Soon after a 21-year-old Army paratrooper vanished in North Carolina over Memorial Day weekend, investigators said they'd found his remains. Now, authorities have announced the remains were his head, and that he had been decapitated in a homicide.
In May, Enrique Roman-Martinez, who had been stationed at Fort Bragg in North Carolina, was reported missing after going on a camping trip with friends on the Outer Banks, according to the National Park Service. The group went to bed and when they awoke, Roman-Martinez was gone and had left his cell phone, wallet and wallet behind.
During a 10-day search for him, human remains were found washed up on a beach that were later identified through dental records as belonging to Roman-Martinez, according to the Army Criminal Investigation Command.
Now, a newly released autopsy conducted by the Division of Forensic Pathology at East Carolina University’s Brody School of Medicine confirms the Fort Bragg soldier was the victim of a homicide, but that his cause of death remains uncertain because only his head was found.
“While decapitation is, in and of itself, universally fatal, the remainder of the body in this case was not available for examination, and therefore potential causes of death involving the torso and extremities cannot be excluded,” the report states, the Durham Herald-Sun reports. “A definitive cause of death cannot be determined, [but] the findings in this case are most consistent with death due to homicide.”
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When they called 911 at around 7 p.m. on May 23, the group of soldiers camping with Roman-Martinez told the dispatcher they feared he had gotten up in the middle of the night and had possibly hurt himself.
“When we woke up, he was not here and we’ve been looking for him all day,” the unidentified caller said, according to a 911 call recording obtained by the Army Times. “We were trying to find a Park Ranger or their offices, or anything, and so we went all the way to the ferry and found that we needed to dial 911.”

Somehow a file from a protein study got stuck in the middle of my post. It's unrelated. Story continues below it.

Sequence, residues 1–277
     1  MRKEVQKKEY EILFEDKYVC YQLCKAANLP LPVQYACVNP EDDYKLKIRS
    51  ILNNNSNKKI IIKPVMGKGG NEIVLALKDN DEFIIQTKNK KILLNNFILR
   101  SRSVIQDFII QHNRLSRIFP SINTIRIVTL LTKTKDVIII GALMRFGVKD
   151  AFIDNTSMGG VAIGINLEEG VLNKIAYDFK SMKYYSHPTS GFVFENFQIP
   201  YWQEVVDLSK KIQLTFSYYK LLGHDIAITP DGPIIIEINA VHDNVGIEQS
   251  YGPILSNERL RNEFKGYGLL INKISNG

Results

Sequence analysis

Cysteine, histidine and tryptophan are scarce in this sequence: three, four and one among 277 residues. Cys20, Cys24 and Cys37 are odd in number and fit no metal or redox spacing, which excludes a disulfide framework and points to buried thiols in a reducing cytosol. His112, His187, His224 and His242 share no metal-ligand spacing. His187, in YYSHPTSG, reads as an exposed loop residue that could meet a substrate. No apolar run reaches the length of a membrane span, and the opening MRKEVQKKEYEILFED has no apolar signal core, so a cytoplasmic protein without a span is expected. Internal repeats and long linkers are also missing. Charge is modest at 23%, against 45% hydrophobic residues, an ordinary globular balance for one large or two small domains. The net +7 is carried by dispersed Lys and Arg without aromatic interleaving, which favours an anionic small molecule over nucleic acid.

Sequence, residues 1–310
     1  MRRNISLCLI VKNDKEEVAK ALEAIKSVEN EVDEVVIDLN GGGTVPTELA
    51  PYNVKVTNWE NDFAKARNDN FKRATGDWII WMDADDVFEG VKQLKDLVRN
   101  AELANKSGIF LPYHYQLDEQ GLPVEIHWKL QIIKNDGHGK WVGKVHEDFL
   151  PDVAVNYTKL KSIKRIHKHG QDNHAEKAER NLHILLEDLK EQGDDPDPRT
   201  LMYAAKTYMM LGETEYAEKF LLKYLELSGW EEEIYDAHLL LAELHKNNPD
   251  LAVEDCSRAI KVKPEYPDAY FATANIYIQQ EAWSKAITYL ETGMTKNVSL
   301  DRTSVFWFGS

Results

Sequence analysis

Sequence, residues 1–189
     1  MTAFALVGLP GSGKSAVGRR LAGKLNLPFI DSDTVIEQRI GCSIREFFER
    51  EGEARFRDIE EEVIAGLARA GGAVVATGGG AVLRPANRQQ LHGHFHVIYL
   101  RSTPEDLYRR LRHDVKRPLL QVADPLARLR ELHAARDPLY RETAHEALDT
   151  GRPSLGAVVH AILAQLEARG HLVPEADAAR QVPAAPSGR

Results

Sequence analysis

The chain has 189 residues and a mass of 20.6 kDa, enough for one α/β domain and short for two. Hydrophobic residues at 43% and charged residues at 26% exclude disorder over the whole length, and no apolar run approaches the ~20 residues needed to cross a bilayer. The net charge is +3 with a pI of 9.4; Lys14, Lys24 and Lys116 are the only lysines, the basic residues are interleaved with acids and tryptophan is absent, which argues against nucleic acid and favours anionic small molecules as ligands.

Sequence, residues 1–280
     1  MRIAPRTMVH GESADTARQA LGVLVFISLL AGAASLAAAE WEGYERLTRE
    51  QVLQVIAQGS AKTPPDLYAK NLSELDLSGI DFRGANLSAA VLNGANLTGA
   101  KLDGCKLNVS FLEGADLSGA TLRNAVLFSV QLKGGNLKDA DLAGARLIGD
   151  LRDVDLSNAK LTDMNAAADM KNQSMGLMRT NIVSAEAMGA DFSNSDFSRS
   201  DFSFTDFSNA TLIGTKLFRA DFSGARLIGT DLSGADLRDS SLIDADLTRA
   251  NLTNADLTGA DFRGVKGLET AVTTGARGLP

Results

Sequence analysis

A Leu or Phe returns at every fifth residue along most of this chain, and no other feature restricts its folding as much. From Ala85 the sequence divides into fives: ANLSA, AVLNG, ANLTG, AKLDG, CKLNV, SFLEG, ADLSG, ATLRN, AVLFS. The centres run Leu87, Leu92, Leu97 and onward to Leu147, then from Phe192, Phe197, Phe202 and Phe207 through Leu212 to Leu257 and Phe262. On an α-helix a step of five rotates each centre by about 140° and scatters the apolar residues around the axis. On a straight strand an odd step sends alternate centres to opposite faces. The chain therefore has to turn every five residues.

However, a Cape Lookout National Seashore spokesman disputed the group's claims, telling the Times Park Rangers had encountered the group earlier that day when they were asked to move their vehicles farther away from the sand dunes.
“The Rangers moved on after hearing the group would comply … [and the group] did not make mention to the Rangers at this point that anyone was missing from their group,” the spokesperson said in an email, according to the Times. “You would have to ask members of the group why they didn’t report a missing person then.”
The autopsy found evidence of “multiple chop injuries” to the California native's head, according to the Sun. His jaw had been broken in at least two places. A toxicology report was also done that showed there were no drugs in his system.
"It was so cruel what they did to him," Roman-Martinez's sister Griselda Martinez told ABC7 in July. "Why did they have to do that to him? He's already gone. Why did they have to go the extra step to do this to him? So, it was really hard for us, too."
Roman-Martinez joined the Army in Sept. 2016 and was assigned as a paratrooper to Fort Bragg in March 2017. He served as a human resource specialist.
"All he wanted was to do good in his life, so he joined the military," Martinez told CBS Los Angeles in August. "And this is what happened to him? We only have a part of him, that's it. This is not right. This should never have happened to my brother."
Last Wednesday, the bodies of two men — Master Sgt. William J. Lavigne II, 37, and Timothy Dumas, 44, an Army veteran who once served at Fort Bragg — were found on a training area of Fort Bragg. A defense department official told ABC News that foul play is suspected in their deaths.
Newsweek reports the deaths of Lavigne and Dumas are the fifth and sixth at Fort Bragg this year.
A $25,000 reward has been offered for information leading to an arrest in Roman-Martinez's killing. Anyone with information is encouraged to contact Army CID Special Agents at (910) 396-8777, the Military Police Desk at (910) 396-1179 or to submit information via https://www.p3tips.com/. Persons with information can remain anonymous.
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